tions—hence its use by those trying to relax or concentrate. Stress increases the smoker’s nicotine consumption. An increase in respiratory rate and heart rate has been observed with NRT. Sleeplessness has also been reported in patients using NRT (Gourlay et al., 1999). Nicotine overdose is remarkably difficult to achieve with NRT (Labelle and Boulay, 1999), however, it occasionally complicates the use of nicotine-containing insecticides. In these cases, central symptoms—initially tremors, nausea, vomiting, and possibly convulsions—give way to signs of central depression and neuromuscular blockade (Saxena and Scheman, 1985).
Although there is considerable interest in the potential effects of nicotine on cognition (Emilien et al., 2000; Waters and Sutton, 2000), this has not been formally evaluated in individuals receiving NRT. Activation of nAchRs containing the α7 subunit results in Ach release and calcium activation, and both effects have been implicated in memory formation and cognition (Kem, 2000). Recent interest has been focused by co-immuno-precipitation of the amyloid A β(1–42)-fragment and the α7nAchR from the dendtritic plaques of Alzheimer’s disease (AD) lesions (Wang et al., 2000a). The β-fragment of amyloid A binds to the receptor and prevents its activation by nicotine, potentially implicating defective nAchR activation in the pathogenesis of AD. Again, although there is some evidence for a slowing of deterioration of AD in individuals who smoke (Debanne et al., 2000; Doll et al., 2000; Jarvik, 1991; Lopez-Arrieta et al., 2000; Merchant et al., 1999), along with a considerable literature relating to the use of cholinesterase inhibitors for this condition, NRT has not been formally evaluated in AD.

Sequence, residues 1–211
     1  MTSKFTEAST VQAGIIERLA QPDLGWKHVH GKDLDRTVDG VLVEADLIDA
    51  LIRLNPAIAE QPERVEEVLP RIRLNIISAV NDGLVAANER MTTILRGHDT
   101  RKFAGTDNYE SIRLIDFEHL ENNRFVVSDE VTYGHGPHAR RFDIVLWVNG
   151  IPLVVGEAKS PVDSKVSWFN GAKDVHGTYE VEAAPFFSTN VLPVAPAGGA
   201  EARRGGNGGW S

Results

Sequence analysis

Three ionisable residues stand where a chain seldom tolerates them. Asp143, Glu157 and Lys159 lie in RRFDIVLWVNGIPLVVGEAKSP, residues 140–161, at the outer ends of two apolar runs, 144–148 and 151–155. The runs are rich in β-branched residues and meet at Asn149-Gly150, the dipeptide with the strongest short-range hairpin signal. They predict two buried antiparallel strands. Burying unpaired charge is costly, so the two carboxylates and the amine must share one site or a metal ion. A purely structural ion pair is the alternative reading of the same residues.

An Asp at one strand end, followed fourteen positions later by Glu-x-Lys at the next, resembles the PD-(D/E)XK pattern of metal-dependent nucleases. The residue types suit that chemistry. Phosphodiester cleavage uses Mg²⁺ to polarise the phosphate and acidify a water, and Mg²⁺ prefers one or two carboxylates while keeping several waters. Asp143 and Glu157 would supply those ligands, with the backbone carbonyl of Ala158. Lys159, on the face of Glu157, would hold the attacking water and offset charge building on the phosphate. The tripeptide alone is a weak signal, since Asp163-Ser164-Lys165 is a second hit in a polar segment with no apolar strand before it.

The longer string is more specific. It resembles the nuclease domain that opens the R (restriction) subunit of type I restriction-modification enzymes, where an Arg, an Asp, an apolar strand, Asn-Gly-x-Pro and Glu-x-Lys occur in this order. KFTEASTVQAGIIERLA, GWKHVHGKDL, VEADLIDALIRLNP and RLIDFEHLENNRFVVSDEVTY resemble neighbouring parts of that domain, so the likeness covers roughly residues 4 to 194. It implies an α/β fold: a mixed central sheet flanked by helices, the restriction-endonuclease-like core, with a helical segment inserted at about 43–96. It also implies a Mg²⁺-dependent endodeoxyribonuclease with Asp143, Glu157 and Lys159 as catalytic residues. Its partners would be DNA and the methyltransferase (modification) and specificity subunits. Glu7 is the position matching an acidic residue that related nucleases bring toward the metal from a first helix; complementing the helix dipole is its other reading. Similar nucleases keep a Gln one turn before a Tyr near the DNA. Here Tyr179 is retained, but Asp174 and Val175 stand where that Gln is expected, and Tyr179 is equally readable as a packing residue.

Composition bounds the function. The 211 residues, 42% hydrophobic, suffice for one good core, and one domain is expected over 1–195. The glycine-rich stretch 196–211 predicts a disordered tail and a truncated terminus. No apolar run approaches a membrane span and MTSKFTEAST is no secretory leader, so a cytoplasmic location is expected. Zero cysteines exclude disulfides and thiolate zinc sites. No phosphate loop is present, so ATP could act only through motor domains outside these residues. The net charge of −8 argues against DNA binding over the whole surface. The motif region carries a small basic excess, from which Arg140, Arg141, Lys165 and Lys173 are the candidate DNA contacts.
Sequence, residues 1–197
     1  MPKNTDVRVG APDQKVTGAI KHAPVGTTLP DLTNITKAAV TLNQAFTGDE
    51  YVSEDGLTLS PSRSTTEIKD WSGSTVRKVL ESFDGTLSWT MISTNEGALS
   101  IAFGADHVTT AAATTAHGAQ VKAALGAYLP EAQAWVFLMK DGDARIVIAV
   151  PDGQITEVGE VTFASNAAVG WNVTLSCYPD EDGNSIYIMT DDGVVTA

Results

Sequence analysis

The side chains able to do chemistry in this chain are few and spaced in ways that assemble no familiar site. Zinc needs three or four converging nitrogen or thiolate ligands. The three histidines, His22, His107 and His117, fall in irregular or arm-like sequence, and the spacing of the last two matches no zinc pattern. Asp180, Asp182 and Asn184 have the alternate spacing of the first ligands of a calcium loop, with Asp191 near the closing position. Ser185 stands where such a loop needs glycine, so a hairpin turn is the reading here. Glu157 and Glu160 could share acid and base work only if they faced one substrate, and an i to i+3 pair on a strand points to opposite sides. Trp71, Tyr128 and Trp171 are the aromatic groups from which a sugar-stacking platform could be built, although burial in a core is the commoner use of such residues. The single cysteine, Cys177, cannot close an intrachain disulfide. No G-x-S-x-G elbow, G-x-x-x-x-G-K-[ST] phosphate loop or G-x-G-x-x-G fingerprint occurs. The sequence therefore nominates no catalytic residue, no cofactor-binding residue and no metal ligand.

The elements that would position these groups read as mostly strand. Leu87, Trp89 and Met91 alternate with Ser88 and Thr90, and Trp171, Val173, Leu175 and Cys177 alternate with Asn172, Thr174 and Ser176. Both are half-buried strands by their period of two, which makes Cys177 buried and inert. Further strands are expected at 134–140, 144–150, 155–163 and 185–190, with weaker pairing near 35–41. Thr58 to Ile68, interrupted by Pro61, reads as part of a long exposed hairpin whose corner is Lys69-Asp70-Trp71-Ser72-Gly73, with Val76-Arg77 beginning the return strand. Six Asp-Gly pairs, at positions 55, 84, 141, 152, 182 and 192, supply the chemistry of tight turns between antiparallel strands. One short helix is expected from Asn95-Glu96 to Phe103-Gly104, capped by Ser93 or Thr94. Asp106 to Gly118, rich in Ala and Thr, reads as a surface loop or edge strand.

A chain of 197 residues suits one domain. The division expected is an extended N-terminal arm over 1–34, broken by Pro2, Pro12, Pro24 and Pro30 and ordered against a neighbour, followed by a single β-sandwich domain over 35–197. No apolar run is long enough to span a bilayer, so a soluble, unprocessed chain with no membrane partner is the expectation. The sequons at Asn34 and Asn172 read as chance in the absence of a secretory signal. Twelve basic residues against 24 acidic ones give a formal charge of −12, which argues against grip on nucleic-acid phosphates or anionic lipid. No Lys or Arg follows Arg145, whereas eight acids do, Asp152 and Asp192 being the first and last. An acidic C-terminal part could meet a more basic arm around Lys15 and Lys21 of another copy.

The Biological Basis of Addiction. Although tobacco products contain several thousand chemicals, nicotine is considered to be the principal constituent in tobacco that leads to the persistent use of tobacco products (U.S. DHHS, 1988). However, other yet unknown constituents in tobacco may also have a role in the maintaining the use of tobacco. For example, smokers experience a reduction of monoamine oxidase (MAO) activity in the brain (Berlin et al., 1995) as a result of some constituent in smoke (Fowler et al., 1996); inhibition of MAO may result in antidepressant activity (Oxenkrug, 1999) and contribute to the high prevalence in smoking among individuals with depressive disorders. Physical addiction to nicotine is associated with euphoriant and other psychoactive effects, the development of tolerance, and the experience of withdrawal symptoms